Historic grocery A&P filed for bankruptcy

The soap aisle at Whole Foods grocery

TEXT OF INTERVIEW

JEREMY HOBSON: It's officially called the Great Atlantic & Pacific Tea Company, and its been around for 151 years. But the grocery store chain more commonly known as A&P is fighting to stay alive. The New Jersey-based company runs 395 grocery stores around the Northeast. But now, A&P has filed for bankruptcy.

Marketplace's Janet Babin joins me now live to talk about it. Good morning, Janet.

JANET BABIN: Good morning Jeremy.

HOBSON: They've been in business for 151 years and now bankruptcy. What happened?

BABIN: Like many companies, A & P struggled during the downturn. Margins are tight, and at least in everything but luxury sales, there's been reduced spending by consumers and we've got intense competition on price. The company blamed the warehouse stores, and discount chains like Walmart and dollar stores with compounding its problems and the expense of lease obligation at locations that are closed but the company still have to pay for. A&P got itself into debt and is finding it hard to climb out of it.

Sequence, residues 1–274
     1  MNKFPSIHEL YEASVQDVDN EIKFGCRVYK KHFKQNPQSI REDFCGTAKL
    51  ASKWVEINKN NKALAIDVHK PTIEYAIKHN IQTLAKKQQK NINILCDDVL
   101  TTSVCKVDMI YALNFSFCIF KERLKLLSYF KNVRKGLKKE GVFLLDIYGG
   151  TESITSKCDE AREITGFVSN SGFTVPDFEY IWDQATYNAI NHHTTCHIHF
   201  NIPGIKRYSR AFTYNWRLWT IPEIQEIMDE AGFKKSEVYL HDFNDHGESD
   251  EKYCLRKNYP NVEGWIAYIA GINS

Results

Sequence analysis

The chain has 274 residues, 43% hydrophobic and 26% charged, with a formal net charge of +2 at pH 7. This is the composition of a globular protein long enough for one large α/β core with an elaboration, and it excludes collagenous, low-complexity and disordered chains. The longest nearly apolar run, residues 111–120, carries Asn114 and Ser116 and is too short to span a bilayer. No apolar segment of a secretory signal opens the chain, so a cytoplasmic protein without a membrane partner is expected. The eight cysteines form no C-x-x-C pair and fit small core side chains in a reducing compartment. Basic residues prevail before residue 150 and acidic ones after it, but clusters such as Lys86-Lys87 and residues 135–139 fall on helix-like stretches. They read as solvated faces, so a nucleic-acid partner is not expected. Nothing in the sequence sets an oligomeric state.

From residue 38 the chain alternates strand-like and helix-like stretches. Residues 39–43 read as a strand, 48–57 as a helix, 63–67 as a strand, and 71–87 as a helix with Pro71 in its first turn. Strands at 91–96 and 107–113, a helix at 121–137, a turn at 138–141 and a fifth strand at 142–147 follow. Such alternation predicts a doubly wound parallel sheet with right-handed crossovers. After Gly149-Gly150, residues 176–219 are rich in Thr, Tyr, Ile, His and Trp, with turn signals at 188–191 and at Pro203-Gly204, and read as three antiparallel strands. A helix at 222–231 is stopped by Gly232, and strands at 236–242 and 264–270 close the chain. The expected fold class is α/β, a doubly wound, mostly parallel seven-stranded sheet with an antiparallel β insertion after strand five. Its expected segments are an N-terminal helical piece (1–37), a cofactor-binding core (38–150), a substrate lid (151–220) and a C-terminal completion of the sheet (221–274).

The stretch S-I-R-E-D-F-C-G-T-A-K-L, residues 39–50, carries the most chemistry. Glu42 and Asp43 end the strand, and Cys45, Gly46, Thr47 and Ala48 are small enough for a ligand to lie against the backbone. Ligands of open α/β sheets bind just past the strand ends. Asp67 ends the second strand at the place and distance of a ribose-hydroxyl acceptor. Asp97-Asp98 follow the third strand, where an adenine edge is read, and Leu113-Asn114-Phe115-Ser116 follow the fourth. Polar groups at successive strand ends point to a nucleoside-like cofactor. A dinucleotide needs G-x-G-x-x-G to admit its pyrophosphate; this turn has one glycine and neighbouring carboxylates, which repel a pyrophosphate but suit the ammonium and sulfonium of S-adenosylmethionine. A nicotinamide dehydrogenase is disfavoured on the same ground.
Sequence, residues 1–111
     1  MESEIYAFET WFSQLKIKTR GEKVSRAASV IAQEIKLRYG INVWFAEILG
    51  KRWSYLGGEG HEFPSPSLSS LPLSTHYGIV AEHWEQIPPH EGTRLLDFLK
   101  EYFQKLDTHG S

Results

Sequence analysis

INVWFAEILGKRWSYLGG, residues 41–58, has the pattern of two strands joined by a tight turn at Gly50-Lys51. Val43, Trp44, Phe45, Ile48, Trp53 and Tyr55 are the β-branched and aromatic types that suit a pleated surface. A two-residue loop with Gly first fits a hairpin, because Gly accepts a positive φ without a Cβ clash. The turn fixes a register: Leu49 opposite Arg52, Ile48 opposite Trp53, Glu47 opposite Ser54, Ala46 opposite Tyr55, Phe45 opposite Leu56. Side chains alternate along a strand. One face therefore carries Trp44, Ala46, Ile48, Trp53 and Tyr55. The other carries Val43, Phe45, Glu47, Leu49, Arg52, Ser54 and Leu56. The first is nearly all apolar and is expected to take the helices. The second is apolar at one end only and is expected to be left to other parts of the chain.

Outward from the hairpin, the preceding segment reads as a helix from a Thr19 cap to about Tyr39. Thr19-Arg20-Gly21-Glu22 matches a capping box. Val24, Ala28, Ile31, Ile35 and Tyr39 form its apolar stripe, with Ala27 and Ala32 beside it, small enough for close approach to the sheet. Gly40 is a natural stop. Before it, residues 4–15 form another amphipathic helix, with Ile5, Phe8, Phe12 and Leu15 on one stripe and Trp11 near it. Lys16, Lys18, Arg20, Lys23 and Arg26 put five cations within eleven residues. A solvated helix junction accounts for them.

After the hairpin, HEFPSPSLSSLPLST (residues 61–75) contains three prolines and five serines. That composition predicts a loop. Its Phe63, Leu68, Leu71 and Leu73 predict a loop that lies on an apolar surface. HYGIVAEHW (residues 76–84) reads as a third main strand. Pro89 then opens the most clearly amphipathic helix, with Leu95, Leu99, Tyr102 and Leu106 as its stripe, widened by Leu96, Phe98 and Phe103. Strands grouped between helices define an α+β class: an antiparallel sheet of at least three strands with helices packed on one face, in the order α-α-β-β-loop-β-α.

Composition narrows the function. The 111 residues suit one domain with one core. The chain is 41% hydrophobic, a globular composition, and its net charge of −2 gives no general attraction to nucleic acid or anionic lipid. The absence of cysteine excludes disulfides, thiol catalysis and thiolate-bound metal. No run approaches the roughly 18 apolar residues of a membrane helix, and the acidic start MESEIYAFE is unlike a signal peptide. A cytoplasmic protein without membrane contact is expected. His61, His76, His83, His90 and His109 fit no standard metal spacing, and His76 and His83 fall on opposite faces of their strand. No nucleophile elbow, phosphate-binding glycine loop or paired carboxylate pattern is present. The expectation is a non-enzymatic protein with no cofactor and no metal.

HOBSON: So, now -- bankruptcy. What does that mean? What happens now?

BABIN: Bankruptcy doesn't necessarily mean the end for a company. Often it's a chance to get the house in order, and get out from under about $1 billion in debt. The New York Post reports that LA billionaire Ron Burkle -- who already owns a lot of stock in A&P, and made the majority money in the grocery business -- might try to wrest control of A&P, right now, from a German based firm that's had control of the stores since the late 1970s.

HOBSON: Alright well we'll be watching to see what happens. Marketplace's Janet Babin here in New York, thanks.

BABIN: Thank you.

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